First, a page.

Music Genre(s): Latin
"I want to be the first to play a new record. If a record is played on a commercial station, I stop playing it. I want to play something new, something different." In other words, Yolanda Estrada, who hosts WWOZ's Latin Show "Tiene Sabor" ("It has Soul") won't play a record that's been overexposed.
WWOZ's Show Host of the month for September became a volunteer programmer in the spring of 1989. "I didn't want to do it!" she laughs, "They drafted me!" But she quickly grew to enjoy the show and moved with it from the original Thursday afternoon time slot to the now familiar Saturdays.
Originally from Honduras, Yolanda moved with her family to New Orleans in 1962, graduating from Alcee Fortier Senior High School. She went on to study Business at LSU and now, with her husband Juan Suarez, owns Musica Latina, a local CD shop.
"Latin music comes in all genres," she says, citing Cuban folk music as her personal favorite. "I've been able to bring all styles of Latin music to New Orleans via WWOZ. And through the Internet, 'OZ has been a great contributor to the globalization of Cuban music and Latin music as a whole."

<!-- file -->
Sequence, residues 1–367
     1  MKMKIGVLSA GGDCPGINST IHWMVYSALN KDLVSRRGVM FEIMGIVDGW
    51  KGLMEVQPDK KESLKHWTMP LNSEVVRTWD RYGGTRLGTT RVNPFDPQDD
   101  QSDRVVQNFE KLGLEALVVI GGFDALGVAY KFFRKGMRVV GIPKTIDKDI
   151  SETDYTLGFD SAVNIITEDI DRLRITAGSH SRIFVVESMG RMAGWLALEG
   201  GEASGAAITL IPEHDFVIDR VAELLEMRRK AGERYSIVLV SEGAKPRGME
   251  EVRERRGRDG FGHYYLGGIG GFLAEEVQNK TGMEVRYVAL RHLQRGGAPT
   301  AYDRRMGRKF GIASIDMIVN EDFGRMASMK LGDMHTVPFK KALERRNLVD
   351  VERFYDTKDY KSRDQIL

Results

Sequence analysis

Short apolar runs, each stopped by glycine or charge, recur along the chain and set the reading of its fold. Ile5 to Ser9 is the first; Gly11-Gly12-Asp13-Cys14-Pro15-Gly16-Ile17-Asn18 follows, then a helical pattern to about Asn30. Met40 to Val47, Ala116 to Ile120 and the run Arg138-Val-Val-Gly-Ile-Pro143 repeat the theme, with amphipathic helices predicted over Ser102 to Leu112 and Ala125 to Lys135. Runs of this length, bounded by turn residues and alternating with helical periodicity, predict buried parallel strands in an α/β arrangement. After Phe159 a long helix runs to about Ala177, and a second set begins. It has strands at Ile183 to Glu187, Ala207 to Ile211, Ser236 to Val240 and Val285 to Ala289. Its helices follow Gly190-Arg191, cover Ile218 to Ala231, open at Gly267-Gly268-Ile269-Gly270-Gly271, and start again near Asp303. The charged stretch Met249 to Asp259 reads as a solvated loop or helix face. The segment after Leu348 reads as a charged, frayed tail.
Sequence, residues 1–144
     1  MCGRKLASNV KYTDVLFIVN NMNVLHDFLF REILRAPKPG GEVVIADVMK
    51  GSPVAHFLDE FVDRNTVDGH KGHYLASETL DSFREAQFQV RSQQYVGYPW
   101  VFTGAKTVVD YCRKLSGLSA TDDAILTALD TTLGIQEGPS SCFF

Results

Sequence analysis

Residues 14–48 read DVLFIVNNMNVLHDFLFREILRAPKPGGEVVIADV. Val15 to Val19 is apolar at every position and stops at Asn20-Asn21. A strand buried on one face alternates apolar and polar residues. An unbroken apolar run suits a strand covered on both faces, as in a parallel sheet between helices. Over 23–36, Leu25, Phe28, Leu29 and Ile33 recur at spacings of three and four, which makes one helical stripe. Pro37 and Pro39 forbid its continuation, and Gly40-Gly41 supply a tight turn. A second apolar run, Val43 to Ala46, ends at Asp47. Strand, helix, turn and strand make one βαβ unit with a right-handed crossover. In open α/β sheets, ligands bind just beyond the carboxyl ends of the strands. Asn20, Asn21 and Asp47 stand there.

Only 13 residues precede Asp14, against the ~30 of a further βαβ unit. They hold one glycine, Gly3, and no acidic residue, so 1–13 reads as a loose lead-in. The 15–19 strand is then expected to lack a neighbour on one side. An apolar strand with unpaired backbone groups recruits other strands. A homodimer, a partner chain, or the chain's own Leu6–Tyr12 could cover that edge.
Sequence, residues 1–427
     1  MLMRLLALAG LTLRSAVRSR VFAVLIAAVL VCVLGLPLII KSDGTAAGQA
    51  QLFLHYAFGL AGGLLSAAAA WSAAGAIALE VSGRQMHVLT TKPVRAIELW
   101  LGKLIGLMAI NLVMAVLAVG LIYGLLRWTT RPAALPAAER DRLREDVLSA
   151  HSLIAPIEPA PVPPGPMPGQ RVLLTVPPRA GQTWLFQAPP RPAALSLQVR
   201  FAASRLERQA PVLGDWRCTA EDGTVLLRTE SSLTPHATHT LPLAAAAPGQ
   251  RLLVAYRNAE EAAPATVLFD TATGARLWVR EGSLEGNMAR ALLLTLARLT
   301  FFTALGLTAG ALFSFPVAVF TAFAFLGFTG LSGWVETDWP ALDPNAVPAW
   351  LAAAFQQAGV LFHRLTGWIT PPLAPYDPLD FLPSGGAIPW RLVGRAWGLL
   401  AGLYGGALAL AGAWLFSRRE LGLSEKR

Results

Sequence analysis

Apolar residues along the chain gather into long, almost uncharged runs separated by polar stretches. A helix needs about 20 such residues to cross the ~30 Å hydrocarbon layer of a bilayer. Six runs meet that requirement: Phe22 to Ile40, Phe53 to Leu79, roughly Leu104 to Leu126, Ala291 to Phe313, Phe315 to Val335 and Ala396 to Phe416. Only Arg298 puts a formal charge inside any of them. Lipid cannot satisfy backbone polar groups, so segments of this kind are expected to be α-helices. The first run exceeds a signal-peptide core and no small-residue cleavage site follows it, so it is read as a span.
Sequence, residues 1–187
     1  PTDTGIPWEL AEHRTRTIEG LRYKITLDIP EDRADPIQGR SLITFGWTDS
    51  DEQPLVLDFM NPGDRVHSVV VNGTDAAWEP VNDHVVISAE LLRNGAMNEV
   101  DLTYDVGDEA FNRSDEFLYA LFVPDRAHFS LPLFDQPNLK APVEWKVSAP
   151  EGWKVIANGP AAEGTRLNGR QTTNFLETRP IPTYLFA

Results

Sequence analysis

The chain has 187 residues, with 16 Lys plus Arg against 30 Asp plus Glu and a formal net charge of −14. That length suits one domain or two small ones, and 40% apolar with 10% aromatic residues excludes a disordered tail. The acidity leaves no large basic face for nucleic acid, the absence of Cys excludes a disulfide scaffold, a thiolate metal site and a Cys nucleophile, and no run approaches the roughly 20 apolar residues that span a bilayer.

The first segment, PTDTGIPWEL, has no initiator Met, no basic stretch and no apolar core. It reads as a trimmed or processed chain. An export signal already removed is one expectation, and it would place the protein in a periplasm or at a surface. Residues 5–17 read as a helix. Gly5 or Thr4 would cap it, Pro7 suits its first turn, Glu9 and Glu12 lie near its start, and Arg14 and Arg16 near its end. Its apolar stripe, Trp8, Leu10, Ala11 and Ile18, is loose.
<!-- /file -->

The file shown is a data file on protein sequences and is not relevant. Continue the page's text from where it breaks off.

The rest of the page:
As we chatted during "Tiene Sabor," we had a constant stream of calls from listeners inquiring about a tune just played. "They're like a great big family," Yolanda said, laughing. "Everybody out there believes they're your friends. They call you like they've known you forever and it's a great feeling to have somebody do that."
When Yolanda isn't sharing time with the 'OZ family, she's with her own, usually in the close vicinity of two granddaughters. "I spend all my free time with them," she says. "Last Saturday was the baseball tournament, so I had to miss my show. I've spent all summer on baseball fields." She then says, with a look only a grandmother could have, "You just don't know how rough those little girls can get!"
Her wish for the future of 'OZ? "Bigger studio," she said sheepishly, referring to the roomful of people who volunteer on her show during WWOZ's semi-annual fund drives. "It gets kind of crowded with all the telephone operators, musicians and producers," though she admits that the "jolly atmosphere" is heightened by the closeness of all involved.
Now nearing a dozen years at the station, Yolanda looks forward to the future of bringing Latin sounds to Louisiana. Asked what message she'd like to send listeners, she said simply, "Stay tuned to WWOZ 90.7 FM." When I asked why, she answered, "Tiene Sabor!" It has soul.Yolanda, we couldn't have said it better ourselves.
By Bill Berry [September, 2000]